Carla Bley (born Lovella May Borg; May 11, 1936) is an American jazz composer, pianist, organist and bandleader.[2] An important figure in the free jazz movement of the 1960s, she is perhaps best known for her jazz opera Escalator over the Hill (released as a triple LP set), as well as a book of compositions that have been performed by many other artists, including Gary Burton, Jimmy Giuffre, George Russell, Art Farmer, John Scofield and her ex-husband Paul Bley.

Carla Bley
Bley in 2007
Bley in 2007
Background information
Birth nameLovella May Borg
Born (1936-05-11) May 11, 1936 (age 87)[1]
Oakland, California, U.S.
Occupation(s)Musician, bandleader, composer
Instrument(s)Piano, organ
Years active1960–present
LabelsWATT, ECM, Universal

Early life Edit

Carla Bley at Keystone Korner, San Francisco 1979

Bley was born in Oakland, California, United States, to Emil Borg (1899–1990), a piano teacher and church choirmaster,[2] who encouraged her to sing and to learn to play the piano, and Arline Anderson (1907–1944), who died when Bley was eight years old. After giving up the church to immerse herself in roller skating at the age of fourteen,[3] she moved to New York at seventeen and became a cigarette girl at Birdland, where she met jazz pianist Paul Bley. She toured with him under the name Karen Borg, before she changed her name in 1957 to Carla Borg and married Paul Bley the same year adopting the Bley name.[4] He encouraged her to start composing.[1] The couple divorced in 1967,[5] but she kept his surname professionally.[6]

Later life and career Edit

Carla Bley conducts her band at the Pori Jazz Festival in Pori, Finland, 1978.

A number of musicians began to record Bley's compositions: George Russell recorded "Bent Eagle" for his album Stratusphunk in 1960; Jimmy Giuffre recorded "Ictus" on his album Thesis; and Paul Bley's Barrage consisted entirely of her compositions. Throughout her career, Bley has thought of herself as a writer first, describing herself as 99 percent composer and one percent pianist.[7]

In 1964, she was involved in organising the Jazz Composers Guild,[2] which brought together the most innovative musicians in New York at the time.[1] She then had a personal and professional relationship with Michael Mantler, with whom she had a daughter, Karen Mantler, now also a musician in her own right. Bley and Mantler were married from 1965-91. With Mantler, she co-led the Jazz Composers' Orchestra and started the JCOA record label which issued a number of historic recordings by Clifford Thornton, Don Cherry and Roswell Rudd, as well as her own magnum opus Escalator Over The Hill and Mantler's The Jazz Composer's Orchestra LPs.[2] Bley and Mantler were pioneers in the development of independent artist-owned record labels and also started the now defunct New Music Distribution Service which specialized in small, independent labels that issued recordings of "creative improvised music".[8]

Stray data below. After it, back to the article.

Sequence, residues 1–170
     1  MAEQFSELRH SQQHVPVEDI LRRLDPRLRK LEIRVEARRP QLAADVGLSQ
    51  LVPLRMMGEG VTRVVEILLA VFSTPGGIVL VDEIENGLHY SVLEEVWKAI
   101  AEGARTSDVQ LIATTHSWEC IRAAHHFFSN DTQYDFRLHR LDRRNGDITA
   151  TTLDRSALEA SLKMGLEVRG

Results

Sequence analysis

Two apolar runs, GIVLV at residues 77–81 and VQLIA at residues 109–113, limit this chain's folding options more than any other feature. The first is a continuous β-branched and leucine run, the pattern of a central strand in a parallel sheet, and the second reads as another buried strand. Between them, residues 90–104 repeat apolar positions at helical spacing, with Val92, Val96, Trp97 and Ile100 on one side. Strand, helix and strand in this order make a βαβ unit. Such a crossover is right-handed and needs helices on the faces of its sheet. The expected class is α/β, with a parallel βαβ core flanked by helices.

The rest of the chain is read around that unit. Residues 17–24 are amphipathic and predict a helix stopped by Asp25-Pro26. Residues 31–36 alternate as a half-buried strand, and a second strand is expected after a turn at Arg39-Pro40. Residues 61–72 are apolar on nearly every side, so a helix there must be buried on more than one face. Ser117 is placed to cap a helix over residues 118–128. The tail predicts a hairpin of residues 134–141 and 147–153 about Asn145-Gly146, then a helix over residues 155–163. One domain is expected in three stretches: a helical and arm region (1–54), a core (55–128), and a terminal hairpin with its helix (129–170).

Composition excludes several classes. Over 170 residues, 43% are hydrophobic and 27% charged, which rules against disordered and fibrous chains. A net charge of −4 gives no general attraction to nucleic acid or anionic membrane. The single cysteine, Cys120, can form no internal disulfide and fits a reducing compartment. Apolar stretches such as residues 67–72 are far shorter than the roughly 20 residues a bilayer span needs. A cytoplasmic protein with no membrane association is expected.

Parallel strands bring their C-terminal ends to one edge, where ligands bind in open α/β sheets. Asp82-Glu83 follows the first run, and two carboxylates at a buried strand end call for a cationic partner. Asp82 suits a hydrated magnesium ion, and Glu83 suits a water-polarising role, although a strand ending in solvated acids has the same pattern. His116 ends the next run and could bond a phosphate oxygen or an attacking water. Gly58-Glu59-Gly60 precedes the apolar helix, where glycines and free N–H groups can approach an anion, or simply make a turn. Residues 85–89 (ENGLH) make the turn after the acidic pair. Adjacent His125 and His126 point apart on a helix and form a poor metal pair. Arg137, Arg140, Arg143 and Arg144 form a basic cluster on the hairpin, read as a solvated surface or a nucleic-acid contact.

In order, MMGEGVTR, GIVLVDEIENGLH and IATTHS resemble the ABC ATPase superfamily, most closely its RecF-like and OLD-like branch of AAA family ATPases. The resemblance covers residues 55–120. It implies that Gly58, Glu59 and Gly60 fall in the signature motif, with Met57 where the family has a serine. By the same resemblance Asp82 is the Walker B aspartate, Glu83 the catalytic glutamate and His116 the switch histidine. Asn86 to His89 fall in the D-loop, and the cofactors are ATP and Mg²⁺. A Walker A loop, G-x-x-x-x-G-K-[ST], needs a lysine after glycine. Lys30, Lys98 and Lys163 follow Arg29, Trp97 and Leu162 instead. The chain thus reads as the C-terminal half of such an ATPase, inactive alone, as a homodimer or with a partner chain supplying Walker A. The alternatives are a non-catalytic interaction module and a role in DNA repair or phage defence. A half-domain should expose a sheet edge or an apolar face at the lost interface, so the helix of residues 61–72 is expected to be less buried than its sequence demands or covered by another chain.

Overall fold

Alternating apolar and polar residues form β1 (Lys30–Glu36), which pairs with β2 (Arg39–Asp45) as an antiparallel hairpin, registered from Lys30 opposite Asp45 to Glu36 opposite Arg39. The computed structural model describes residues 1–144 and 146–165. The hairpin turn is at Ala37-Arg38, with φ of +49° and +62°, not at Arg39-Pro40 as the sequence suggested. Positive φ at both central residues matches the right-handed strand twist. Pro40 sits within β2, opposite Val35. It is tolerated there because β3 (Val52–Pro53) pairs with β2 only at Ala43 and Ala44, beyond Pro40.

She arranged and composed music for bassist Charlie Haden's Liberation Music Orchestra, and wrote A Genuine Tong Funeral for vibraphonist Gary Burton.[9] Bley has collaborated with a number of other artists, including Jack Bruce,[2] Robert Wyatt and Nick Mason, drummer for the rock group Pink Floyd. Mason's solo debut album Nick Mason's Fictitious Sports was entirely written by Bley and features, alongside Mason on drums, many of her regular band musicians, leading Brian Olewnick of AllMusic to consider it a Carla Bley album in all but name.[10]

She has continued to record frequently with her own big band, which has included Blood, Sweat & Tears' notable Lew Soloff, and a number of smaller ensembles, notably the Lost Chords. Her partner is the bassist Steve Swallow.[11]

In 2005, she arranged the music for and performed on Charlie Haden's latest Liberation Music Orchestra tour and recording, Not in Our Name. She lives in Woodstock, New York.[12]

Awards Edit

Bley was awarded a Guggenheim Fellowship in 1972 for music composition.[13]

In 2009, she was awarded the German Jazz Trophy "A Life for Jazz".[14][15]

Bley received the NEA Jazz Masters Award in 2015.[16]

Discography Edit

References Edit

  1. ^ a b c Chinen, Nate (May 11, 2016). "Carla Bley, Still Improvising and Inspiring as She Turns 80". The New York Times. Retrieved May 11, 2016.
  2. ^ a b c d e Larkin, Colin, ed. (1997). The Virgin Encyclopedia of Popular Music (Concise ed.). Virgin Books. pp. 145/6. ISBN 1-85227-745-9.
  3. ^ Sidran, Ben, Talking Jazz: An Illustrated Oral History, Pomegranate Artbooks, 1992.
  4. ^ Carles, Philippe, André Clergeat, and Jean-Louis Comolli, Dictionnaire du jazz, Paris, 1994.
  5. ^ arwulf, arwulf. "Paul Bley: Biography". AllMusic. Retrieved November 1, 2022.
  6. ^ Turner, Charles. "Bley, Carla (Lovella May Borg)". Archived from the original on March 2, 2015. Retrieved June 28, 2016.
  7. ^ Review of Andando el Tiempo (2017), The Irish Times June 2, 2016.
  8. ^ Wilmer, Valerie (1977). As Serious As Your Life. Quartet. p. 237. ISBN 0704331640.
  9. ^ Litweiler, John (1984). The Freedom Principle: Jazz After 1958. Da Capo. pp. 229–230. ISBN 0306803771.
  10. ^ Carla Bley at AllMusic
  11. ^ "Bley's MySpace page cites Swallow as her partner". Retrieved June 25, 2012.
  12. ^ Michel, Karen (December 17, 2009). "A Traditional Jazz Christmas, An Unlikely Source". Retrieved April 15, 2011.
  13. ^ "John Simon Guggenheim Foundation | Carla Bley". Retrieved October 29, 2019.
  14. ^ "German Jazz Trophy for Carla Bley". Retrieved June 25, 2012.
  15. ^ "German Jazz Trophy 2012 - Monty Alexander". Retrieved June 25, 2012.
  16. ^ "Carla Bley". June 20, 2014. Retrieved November 6, 2018.

External links Edit